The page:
Wild animals form sovereign political communities. This claim might seem odd because animals are not rational, but the authors argue that sovereignty does not depend on rational agency but rather exists to “allocate individuals to territories; to allocate membership in sovereign peoples; and to enable diverse forms of political agency including assisted and dependent agency” (Donaldson and Kymlicka, 2011, p. 61). Once this is established, Donaldson and Kymlicka argue that intervening in nature to stop suffering is a violation of sovereignty. Of course, they recognize that violations of sovereignty can be justified in emergency situations like the Rwandan Genocide. They hold that the situation of nature is not akin to this emergency situation because it is a systematic problem, so it is more alike countries with high crime rates, which is obviously an unjustifiable reason to intervene.
Q: Does having no strong arguments against amoral aliens coming down and killing amoral humans hurt the case for veganism?
A: No, it helps keep the legal animal rights movement focused on preventing the harm that we are responsible for. So it helps people understand:
- The really clear timeline of how we destroyed wild habitat and domesticated prey animals to live these lives of confinement and desires with no ability to express them. &…
- How with modern technology we can restore wild habitat and free up land for the animals common wild ancestors to express their capabilities in.
If aliens capable of understanding ethics came down and had interests to kill any sentient life where they could just eat plants, of course that would still be unjustifiable under the ethical system I advocate for. And that situation relates to almost everyone on earth.
Don’t you have a double standard where you’re willing to see animals harmed more than humans, why wouldn’t it be okay to set predators on a human society which was overpopulated?
We can reason with people, get them to use birth control, and drown them in gifts to get them to see the error of their ways. The reason to re-introduce predators is so you can maximize a net global calculus of happy flourishing in the world, where animals are getting to express their capabilities in dense wildlife habitat as opposed to the mono-culture environments lack in species diversity causes.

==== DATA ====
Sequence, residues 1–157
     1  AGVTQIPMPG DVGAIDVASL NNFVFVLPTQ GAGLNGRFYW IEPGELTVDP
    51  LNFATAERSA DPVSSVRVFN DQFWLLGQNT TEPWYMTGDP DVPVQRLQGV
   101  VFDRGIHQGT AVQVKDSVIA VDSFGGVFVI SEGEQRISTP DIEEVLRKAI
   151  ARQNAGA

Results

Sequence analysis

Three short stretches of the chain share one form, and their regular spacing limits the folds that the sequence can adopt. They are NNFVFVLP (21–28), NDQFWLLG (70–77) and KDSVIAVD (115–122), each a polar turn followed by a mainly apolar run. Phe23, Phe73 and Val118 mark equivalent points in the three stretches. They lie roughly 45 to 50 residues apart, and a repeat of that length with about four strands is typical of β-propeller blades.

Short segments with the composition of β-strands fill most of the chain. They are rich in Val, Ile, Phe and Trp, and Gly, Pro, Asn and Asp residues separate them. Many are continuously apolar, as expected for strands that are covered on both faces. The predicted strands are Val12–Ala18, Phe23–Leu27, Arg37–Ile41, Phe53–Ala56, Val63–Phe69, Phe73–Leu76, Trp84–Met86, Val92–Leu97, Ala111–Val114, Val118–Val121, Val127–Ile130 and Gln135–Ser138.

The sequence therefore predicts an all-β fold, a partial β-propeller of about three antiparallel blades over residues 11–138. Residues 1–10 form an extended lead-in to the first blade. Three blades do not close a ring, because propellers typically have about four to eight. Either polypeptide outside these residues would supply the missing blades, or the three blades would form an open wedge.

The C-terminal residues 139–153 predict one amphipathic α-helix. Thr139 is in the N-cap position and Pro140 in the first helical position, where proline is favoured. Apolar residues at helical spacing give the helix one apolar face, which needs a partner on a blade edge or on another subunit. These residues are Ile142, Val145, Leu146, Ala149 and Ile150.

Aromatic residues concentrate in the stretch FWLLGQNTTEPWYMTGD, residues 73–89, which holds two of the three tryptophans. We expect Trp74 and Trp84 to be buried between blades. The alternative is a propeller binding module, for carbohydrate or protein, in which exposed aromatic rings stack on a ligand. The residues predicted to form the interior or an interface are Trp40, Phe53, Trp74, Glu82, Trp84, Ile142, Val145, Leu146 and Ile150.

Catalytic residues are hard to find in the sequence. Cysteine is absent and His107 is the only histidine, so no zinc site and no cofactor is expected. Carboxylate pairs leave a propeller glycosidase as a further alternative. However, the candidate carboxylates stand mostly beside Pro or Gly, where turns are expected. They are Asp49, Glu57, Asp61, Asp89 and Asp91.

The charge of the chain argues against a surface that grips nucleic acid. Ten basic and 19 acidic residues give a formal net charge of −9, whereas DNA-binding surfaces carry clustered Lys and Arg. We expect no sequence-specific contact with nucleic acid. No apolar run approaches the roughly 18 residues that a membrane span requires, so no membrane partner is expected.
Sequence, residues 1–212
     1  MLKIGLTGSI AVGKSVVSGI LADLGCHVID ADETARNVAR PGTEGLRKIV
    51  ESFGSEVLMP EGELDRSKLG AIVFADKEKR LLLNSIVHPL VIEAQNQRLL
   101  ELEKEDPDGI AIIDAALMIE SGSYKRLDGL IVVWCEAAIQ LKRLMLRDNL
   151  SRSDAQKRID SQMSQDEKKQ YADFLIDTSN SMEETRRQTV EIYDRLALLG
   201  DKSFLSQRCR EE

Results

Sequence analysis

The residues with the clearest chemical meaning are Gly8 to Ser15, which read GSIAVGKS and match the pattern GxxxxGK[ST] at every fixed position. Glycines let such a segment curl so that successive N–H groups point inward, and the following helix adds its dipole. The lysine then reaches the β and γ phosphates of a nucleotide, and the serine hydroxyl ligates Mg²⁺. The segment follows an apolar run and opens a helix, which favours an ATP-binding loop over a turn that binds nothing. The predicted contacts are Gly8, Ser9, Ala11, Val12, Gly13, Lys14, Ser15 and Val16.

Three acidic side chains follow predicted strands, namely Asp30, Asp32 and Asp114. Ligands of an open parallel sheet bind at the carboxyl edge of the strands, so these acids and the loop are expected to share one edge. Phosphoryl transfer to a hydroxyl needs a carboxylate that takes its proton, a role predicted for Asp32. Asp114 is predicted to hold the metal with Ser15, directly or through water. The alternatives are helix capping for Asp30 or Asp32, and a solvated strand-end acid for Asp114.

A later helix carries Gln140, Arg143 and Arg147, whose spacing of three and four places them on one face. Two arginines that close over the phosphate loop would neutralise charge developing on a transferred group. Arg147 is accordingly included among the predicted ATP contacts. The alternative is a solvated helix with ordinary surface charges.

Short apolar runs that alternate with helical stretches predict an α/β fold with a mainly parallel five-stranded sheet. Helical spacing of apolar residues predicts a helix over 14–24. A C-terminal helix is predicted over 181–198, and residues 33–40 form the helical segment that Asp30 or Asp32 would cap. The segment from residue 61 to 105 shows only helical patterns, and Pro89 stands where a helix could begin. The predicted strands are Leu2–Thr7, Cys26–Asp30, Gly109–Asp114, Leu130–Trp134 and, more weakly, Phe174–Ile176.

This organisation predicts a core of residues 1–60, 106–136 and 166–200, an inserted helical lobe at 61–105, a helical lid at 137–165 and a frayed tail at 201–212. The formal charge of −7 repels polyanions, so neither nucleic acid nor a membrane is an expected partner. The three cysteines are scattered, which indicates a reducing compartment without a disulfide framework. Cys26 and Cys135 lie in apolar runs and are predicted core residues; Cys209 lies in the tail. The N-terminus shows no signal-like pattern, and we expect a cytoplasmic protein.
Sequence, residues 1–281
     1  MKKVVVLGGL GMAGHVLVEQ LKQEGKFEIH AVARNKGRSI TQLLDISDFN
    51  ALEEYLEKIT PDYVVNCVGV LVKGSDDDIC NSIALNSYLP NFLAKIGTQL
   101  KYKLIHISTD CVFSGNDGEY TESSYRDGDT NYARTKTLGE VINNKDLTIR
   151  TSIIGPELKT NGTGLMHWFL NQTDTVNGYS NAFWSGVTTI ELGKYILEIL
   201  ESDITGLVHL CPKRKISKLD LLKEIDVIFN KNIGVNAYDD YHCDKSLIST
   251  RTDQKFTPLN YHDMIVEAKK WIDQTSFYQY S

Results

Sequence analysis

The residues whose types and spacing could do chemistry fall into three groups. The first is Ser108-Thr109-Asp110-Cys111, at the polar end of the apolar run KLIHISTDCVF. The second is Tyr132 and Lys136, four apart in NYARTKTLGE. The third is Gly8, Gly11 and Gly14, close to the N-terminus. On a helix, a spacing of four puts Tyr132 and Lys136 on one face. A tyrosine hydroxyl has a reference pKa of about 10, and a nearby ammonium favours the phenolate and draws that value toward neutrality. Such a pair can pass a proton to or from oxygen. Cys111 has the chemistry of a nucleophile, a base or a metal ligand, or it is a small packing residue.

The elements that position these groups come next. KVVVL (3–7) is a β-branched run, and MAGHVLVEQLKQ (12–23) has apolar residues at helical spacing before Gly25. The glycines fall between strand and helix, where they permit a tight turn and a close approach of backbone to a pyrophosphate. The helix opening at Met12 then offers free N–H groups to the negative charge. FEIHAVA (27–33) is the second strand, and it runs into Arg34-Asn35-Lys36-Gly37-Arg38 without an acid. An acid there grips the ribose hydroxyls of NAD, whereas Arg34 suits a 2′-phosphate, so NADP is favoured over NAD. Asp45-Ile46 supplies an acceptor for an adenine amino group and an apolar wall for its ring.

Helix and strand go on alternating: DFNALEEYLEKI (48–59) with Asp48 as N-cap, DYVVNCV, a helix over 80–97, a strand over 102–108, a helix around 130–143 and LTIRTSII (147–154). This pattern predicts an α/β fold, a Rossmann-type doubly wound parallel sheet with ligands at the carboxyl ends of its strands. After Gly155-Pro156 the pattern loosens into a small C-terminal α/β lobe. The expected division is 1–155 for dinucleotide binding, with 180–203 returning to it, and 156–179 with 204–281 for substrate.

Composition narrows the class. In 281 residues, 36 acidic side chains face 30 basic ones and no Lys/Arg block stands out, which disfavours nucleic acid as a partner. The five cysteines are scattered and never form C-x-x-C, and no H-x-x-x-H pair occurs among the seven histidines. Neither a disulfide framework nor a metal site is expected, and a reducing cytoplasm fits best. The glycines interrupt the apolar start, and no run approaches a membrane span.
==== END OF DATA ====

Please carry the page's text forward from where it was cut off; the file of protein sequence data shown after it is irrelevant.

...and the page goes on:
Art, science, roads, houses, and hospitals bring humans happy flourishing, it’s what most people desire to put their mind towards to improve on the humble jungle shack.
Q: But even ideally, wouldn’t you want to see us give lab-grown meat to carnivores?
A: No, humans accept suffering to continue living in their habitat. No impoverished community would accept being flown away from everything that makes them who they are to live in some sky rise. It’s the same for animals and their ranges being reduced or being chucked lab-grown meat rather than getting to chase down prey. I’m not arbitrarily discriminating against animals here, hence not speciesist.
Q: What if Venus flytraps evolved into massively complex slaughterhouses to confine and kill large mammals in nature, would you not intervene? (A bizzare question I know, but one authored and popularised by a youtuber called Avi)
A: For sure I would, I can accept many interventions, like rescuing injured wildlife, curing animal viruses, etc. The reason to allow predators is they preserve a more complex ecology where more animals can experience happy flourishing.
And if people accept my arguments, then they are obligated to be vegan and try to alleviate the pain of any large animals they come across where the consequences for one’s self aren’t dramatic, the same way you should get your shoes wet to rescue a child drowning in a canal.
As well, if you had a gun and saw a wolf about to attack a deer, the most altruistic act you could take would be to kill the deer and give it a quicker death because if you kill the wolf, that makes it more likely for more animals to be born into a boom and bust cycle of for instance lots of weak offspring surviving and then many dying young when there’s a drought.
Q: How is letting carnivores kill other animals vegan?
A: I define veganism as simply “an animal products boycott.”
I make the point of saying it’s one campaign tactic among many, aimed primarily at achieving the end of animal agriculture.
And that personally I see the principle behind the action as being grounded in the legal animal rights movement, seeking collective legal rights for animals to have a refuge in dense wildlife habitat where they aren’t subject to human cruelty. In a similar way to how the act of boycotting South African products or the act of boycotting the Montgomery bus company was grounded in a larger civil rights movement.
The concept behind veganism has roots going back as far as ancient India and the vegan society didn’t even bother trying to come up with various definitions for 20 years or so, they just knew they wanted to start their own society after a series of debates in which they voiced their concern that we should also be advocating the boycott of the dairy and egg industries, for both consequentialist welfare concerns and deontological rights-based concerns.